Gotta agree with this....the baht bounces around so much that I am of the same mindset and always expect to get less baht for my dollars.

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The baht was fixed at 20 = US$1 from the 1950s to 1982, when a Japanese educated finance minister decided to let it free float. It immediately "floated" to over 30, before settling at 25. It stayed at 25 until the 1997 crash, when it briefly soared to about 52. Then left alone, it settled to 40 baht and stayed there for some time. It then sank and has been bouncing around ever since. An economist told me he felt it should be about 35 (giving me reasons that I've now forgotten). But in recent years it has been as low as 28 and as high as 40.  Right now the Bank of Thailand is trying to keep it in the low 30s, while businesses (especially tourism connected) say they want a weaker baht.

My rule is a simple one. Whenever I have to convert dollars into baht or vice versa, I will be on the wrong end of the exchange.  :(

 

https://www.bloomberg.com/news/articles/2017-06-29/thailand-copes-with-super-baht-20-years-after-currency-crashed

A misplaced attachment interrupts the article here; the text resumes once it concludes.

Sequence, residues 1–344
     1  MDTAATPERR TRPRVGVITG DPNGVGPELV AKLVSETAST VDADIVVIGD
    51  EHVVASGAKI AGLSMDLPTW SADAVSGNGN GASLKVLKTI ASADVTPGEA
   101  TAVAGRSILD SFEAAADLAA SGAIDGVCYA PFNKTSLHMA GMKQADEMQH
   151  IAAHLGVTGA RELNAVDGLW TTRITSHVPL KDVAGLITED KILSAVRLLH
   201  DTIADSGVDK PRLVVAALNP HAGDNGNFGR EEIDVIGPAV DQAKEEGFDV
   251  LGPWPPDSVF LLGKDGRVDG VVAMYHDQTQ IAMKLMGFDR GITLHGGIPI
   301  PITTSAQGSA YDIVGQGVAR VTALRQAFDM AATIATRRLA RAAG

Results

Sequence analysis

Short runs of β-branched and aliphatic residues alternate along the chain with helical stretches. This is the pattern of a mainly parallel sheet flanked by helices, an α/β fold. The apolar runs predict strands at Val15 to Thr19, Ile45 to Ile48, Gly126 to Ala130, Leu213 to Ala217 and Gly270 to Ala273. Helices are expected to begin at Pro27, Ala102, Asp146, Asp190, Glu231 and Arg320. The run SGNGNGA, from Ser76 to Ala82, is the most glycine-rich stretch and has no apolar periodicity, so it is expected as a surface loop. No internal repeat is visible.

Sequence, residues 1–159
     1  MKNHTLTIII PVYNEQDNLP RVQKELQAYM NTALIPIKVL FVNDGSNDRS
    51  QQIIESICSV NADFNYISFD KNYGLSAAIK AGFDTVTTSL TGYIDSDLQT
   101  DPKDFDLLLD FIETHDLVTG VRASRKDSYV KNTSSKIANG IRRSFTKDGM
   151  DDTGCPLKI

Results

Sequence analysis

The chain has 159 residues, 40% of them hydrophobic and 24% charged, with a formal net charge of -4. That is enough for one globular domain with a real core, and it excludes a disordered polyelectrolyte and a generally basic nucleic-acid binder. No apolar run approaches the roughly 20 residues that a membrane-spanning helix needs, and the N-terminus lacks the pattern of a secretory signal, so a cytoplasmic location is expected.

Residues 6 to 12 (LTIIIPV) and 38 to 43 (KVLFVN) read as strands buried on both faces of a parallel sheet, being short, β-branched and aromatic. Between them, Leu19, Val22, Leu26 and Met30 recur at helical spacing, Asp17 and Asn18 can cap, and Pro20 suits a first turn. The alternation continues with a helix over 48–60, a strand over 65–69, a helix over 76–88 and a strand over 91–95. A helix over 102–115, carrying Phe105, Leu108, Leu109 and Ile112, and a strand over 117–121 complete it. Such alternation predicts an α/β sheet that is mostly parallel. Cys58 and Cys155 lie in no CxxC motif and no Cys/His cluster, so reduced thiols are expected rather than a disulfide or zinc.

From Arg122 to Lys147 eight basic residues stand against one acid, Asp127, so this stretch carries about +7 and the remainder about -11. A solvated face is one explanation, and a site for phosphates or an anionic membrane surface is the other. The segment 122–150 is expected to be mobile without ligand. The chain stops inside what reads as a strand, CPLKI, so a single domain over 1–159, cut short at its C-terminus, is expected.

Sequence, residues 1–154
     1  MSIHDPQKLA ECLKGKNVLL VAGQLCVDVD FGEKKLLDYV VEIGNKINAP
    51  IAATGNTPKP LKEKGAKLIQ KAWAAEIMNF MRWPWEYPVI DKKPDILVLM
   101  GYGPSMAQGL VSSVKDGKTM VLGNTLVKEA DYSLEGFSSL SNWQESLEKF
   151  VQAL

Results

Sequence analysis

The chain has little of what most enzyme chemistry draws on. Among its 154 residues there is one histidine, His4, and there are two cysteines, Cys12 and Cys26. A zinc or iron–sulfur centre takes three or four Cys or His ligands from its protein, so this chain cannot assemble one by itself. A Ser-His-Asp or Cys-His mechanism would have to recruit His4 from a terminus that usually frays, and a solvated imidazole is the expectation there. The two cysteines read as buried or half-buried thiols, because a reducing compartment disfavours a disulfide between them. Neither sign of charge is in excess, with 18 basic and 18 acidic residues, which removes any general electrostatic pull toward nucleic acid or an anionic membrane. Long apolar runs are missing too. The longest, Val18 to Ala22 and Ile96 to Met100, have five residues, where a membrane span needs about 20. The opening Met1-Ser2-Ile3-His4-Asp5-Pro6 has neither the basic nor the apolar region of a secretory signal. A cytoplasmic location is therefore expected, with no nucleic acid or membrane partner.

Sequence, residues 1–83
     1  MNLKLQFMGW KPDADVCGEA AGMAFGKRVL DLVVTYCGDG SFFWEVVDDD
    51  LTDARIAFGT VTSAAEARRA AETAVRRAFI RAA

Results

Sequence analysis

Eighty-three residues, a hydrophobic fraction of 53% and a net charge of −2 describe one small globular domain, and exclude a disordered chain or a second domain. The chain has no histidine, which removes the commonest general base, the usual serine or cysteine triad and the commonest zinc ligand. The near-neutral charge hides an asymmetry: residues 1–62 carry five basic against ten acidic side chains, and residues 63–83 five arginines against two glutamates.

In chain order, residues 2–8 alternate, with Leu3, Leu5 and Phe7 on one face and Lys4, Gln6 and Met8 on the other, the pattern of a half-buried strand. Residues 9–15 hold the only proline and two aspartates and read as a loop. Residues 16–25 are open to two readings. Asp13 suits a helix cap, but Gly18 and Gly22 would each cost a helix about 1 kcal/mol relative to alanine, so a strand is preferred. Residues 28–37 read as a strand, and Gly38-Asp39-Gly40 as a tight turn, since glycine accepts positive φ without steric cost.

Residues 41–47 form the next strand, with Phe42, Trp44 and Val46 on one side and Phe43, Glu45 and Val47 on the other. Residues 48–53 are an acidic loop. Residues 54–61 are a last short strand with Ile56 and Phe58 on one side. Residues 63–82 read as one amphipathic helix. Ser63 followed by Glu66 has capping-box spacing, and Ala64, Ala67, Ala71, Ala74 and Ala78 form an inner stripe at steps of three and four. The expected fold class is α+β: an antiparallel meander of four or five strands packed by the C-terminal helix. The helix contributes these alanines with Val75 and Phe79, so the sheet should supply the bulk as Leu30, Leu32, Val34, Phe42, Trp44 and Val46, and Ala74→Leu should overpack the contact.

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9 hours ago, Stickman said:

  Showing your age (and time in / association with Thailand), Mr Mekhong! :)

 

 

Oi! Less of "The Age" Young Man, you aren't that far behind me, time in / association with Thailand granted. I was 24 back in 1988 when I was first working in SE Asia and one of the guys I was working with was based in Thailand back then so every R'n'R was in Thailand.

Got my first job in Thailand in 1991 a month before my 27th Birthday and it has been "Home Base" ever since. Even though I have been working in Vietnam for 5 years I still consider Thailand as home since the wife is Thai,  I own property there (Chanoot my name, Yellow Tabian Baan), some bank accounts and cards etc plus we "Get Home" for about 8 weeks per year.